--More than $75,000 to $100,000: 5.75%
--More than $100,000: 6.00%

These gross salary deductions occur from an employee’s paycheck through automatic payroll deductions.

At the same time, CUNY makes contributions equal to 8% of gross pay during the first seven years that employee is at the university; from the eighth year on, this contribution is increased to 10% thereafter until the remainder of the employee’s service.

The employee decides how money in this retirement account is invested. Investment choices include stock, bond, fixed-rate and real estate funds managed by TIAA-CREF. The Optional Retirement Program may also include investments in the alternate funding vehicles, The Guardian and MetLife. A retirement account may be invested in several different funds, and employees may periodically change their allocations among different accounts.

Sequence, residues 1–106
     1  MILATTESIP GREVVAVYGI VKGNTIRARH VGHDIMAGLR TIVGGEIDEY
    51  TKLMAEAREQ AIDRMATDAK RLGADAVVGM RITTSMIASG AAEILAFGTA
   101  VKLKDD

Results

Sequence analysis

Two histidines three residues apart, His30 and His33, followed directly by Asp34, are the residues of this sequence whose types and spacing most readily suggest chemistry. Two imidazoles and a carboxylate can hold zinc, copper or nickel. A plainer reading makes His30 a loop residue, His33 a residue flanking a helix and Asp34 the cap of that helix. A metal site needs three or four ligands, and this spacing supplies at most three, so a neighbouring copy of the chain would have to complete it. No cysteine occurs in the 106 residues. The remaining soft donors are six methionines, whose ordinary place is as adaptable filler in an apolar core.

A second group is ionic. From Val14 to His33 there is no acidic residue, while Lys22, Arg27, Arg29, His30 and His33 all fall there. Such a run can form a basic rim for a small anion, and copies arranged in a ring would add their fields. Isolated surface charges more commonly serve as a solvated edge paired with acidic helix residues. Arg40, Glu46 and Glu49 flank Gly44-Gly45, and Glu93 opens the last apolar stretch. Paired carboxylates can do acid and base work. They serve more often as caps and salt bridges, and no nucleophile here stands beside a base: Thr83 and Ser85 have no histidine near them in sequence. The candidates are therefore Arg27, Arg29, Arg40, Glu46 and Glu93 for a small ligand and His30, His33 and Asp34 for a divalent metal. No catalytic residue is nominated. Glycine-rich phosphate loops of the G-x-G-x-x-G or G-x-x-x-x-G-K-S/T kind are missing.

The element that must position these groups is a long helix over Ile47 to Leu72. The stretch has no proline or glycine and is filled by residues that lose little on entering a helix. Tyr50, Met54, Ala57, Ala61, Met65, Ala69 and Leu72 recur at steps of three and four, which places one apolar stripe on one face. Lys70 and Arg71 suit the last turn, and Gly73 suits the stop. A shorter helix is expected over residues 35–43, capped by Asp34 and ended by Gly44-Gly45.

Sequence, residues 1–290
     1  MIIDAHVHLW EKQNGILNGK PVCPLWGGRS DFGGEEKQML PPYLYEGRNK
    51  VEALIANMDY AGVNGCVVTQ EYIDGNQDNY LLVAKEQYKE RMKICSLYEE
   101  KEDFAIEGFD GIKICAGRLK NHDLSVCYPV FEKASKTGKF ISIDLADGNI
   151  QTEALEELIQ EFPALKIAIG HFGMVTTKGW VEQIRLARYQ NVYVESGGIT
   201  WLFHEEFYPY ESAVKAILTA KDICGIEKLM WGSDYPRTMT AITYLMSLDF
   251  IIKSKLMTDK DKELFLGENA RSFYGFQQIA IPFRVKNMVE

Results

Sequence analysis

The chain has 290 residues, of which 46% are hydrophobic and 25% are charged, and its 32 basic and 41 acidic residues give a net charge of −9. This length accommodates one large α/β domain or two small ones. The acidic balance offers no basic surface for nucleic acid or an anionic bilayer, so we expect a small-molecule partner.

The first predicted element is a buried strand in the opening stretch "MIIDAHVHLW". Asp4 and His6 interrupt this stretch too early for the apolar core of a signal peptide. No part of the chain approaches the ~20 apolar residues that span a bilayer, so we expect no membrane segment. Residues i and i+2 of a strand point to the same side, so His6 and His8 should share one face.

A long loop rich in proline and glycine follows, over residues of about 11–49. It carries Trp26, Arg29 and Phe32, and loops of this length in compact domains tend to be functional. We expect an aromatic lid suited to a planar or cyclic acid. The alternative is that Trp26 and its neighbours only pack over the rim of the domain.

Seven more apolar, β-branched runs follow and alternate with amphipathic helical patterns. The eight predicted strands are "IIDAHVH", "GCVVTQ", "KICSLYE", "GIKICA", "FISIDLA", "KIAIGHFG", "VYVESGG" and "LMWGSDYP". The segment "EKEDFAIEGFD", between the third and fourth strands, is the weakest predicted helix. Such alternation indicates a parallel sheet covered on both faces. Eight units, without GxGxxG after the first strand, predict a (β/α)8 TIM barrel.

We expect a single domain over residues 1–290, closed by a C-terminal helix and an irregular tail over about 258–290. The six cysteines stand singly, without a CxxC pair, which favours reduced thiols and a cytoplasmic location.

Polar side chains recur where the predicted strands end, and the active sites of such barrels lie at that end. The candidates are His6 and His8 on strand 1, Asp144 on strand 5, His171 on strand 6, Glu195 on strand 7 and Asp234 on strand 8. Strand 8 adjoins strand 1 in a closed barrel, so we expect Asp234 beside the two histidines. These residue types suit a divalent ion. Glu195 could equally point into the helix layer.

An ORP pension is funded by the amount of money in the individual employee’s account. There is no way to predict how much the account will be worth at retirement because investment values change constantly.

TIER VI VESTING
When you are vested, you become eligible to receive a retirement allowance. TRS participants are vested once they have ten years of TRS credited service. ORP participants are vested after they have worked at CUNY for 366 days; vesting is immediate for those who come to CUNY with an open-vested TIAA-CREF retirement account from a previous employer.